This is a pair of 1749 Gilles Robert de Vaugondy maps of North Africa. Both maps depict the African parts of the Ottoman Empire. The map at the top of the page stretches from Morocco (Royaume de Fez) to Libya (Royaume de Tripoli) and from the Mediterranean to the Sahara about half way into Algeria. The second map, below the first one, depicts from Libya to the Red Sea and Jerusalem and from the Mediterranean to the Egyptian border.
The top map focuses on modern-day Algeria and Tunisia. The Algerian cities of Algiers (Alger) and Constantine (Constantina) are labeled and the Royaume d'Alger hugs the Mediterranean coast, bordered on the inland side by the Atlas Mountains. Tunisia, the Royaume de Tunis also hugs the coast and both Tunis and Biserte are labeled. The map only covers part of the Royaume de Tripoli, Libya. Tripoli is depicted on this map. The vast blank space of the Sahara (Saara) occupies well over half of the map, allowing the viewer a glimpse into the scope of the desert.
The lower map focuses on the rest of Libya and all of Egypt. It also presents a rough sketch of the western portion of the Arabian Peninsula, to situate the map in a broader regional context. Cities are labeled along the Libyan coast, including Benghazi (Bengasi). The detail presented in Libya pales in comparison to that depicted in Egypt. Cities, including Giza and Cairo (Le Caire) dot the course of the Nile from the southern Egyptian border to its mouth in the Mediterranean. Alexandria is situated at the mouth of the Nile. Various mountain ranges are depicted in profile. Suez is labeled and the Red Sea is shown much larger than it is. In the rather blank space of Arabia, two locations are labeled: Jerusalem and Mt. Sinai.
This map was published by Gilles Robert de Vaugondy in his Atlas Universel, Portatif et Militaire in the 1749 edition.
Gilles (1688 - 1766) and Didier (c. 1723 - 1786) Robert de Vaugondy were map publishers, engravers, and cartographers active in Paris during the mid-18th century. The father and son team were the inheritors to the important Sanson cartographic firm whose stock supplied much of their initial material. Graduating from Sanson's map's Gilles, and more particularly Didier, began to produce their own substantial corpus of work. Vaugondys were well respected for the detail and accuracy of their maps in which they made excellent use of the considerable resources available in 18th century Paris to produce the most accurate and fantasy-free maps possible. The Vaugondys compiled each map based upon their own superior geographic knowledge, scholarly research, the journals of contemporary explorers and missionaries, and direct astronomical observation - moreover, unlike many cartographers of this period, they commonly took pains to reference their source material. Nevertheless, even in 18th century Paris geographical knowledge was severely limited - especially regarding those unexplored portions of the world, including the poles, the Pacific northwest of America, and the interior of Africa and South America. In these areas the Vaugondys, like their rivals De L'Isle and Buache, must be considered speculative geographers. Speculative geography was a genre of mapmaking that evolved in Europe, particularly Paris, in the middle to late 18th century. Cartographers in this genre would fill in unknown areas on their maps with speculations based upon their vast knowledge of cartography, personal geographical theories, and often dubious primary source material gathered by explorers and navigators. This approach, which attempted to use the known to validate the unknown, naturally engendered many rivalries. Vaugondy's feuds with other cartographers, most specifically Phillipe Buache, resulted in numerous conflicting papers being presented before the Academie des Sciences, of which both were members. The era of speculatively cartography effectively ended with the late 18th century explorations of Captain Cook, Jean Francois de Galaup de La Perouse, and George Vancouver. After Didier died, his maps were acquired by Jean-Baptiste Fortin who in 1787 sold them to Charles-François Delamarche (1740 - 1817). While Delamarche prospered from the Vaugondy maps, he also defrauded Vaugondy's window Marie Louise Rosalie Dangy of her inheritance and may even have killed her. Learn More...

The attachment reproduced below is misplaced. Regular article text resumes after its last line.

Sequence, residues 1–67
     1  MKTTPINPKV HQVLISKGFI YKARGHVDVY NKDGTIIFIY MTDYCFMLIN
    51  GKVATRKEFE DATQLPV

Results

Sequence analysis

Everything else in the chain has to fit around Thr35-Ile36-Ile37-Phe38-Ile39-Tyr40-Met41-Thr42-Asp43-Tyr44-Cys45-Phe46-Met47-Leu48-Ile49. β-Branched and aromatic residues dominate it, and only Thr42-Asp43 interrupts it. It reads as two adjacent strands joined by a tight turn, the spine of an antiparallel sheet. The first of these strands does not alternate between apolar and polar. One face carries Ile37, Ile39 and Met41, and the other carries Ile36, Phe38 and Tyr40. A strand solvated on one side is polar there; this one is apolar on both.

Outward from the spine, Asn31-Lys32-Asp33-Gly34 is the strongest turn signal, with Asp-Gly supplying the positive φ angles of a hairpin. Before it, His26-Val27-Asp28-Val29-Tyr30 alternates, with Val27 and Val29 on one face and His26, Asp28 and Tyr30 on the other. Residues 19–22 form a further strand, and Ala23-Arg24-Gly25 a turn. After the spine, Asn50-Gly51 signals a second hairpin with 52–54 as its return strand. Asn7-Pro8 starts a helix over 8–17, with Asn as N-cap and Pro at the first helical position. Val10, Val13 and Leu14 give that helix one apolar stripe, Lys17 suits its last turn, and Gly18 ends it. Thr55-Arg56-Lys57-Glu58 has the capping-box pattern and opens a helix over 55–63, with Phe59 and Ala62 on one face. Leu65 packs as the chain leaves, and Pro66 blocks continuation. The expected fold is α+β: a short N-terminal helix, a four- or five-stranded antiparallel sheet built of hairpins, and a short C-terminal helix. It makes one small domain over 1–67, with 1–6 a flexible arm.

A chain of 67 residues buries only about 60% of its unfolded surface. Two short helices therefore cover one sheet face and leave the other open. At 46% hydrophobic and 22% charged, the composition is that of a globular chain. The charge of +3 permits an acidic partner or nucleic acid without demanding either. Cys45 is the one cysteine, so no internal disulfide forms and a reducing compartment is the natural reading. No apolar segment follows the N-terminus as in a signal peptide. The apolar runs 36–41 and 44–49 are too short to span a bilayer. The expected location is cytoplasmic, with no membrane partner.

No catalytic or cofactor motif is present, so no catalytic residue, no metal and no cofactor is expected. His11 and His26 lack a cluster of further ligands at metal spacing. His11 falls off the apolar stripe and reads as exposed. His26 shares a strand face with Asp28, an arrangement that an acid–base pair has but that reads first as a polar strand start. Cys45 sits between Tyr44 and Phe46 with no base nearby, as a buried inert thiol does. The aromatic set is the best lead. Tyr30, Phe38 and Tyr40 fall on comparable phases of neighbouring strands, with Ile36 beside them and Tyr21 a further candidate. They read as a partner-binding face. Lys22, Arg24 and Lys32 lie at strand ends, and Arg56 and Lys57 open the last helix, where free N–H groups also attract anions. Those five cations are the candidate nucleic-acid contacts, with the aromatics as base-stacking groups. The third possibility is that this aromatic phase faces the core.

Robert de Vaugondy, G. Atlas Portatif, Universel, et Militaire (Paris: Vaugondy, Durand, Pissot) 1749.
Very good. Blank on verso. Original press mark visible.
Pedley, M. S., Bel et Utile, p. 205, 432. OCLC 159769954.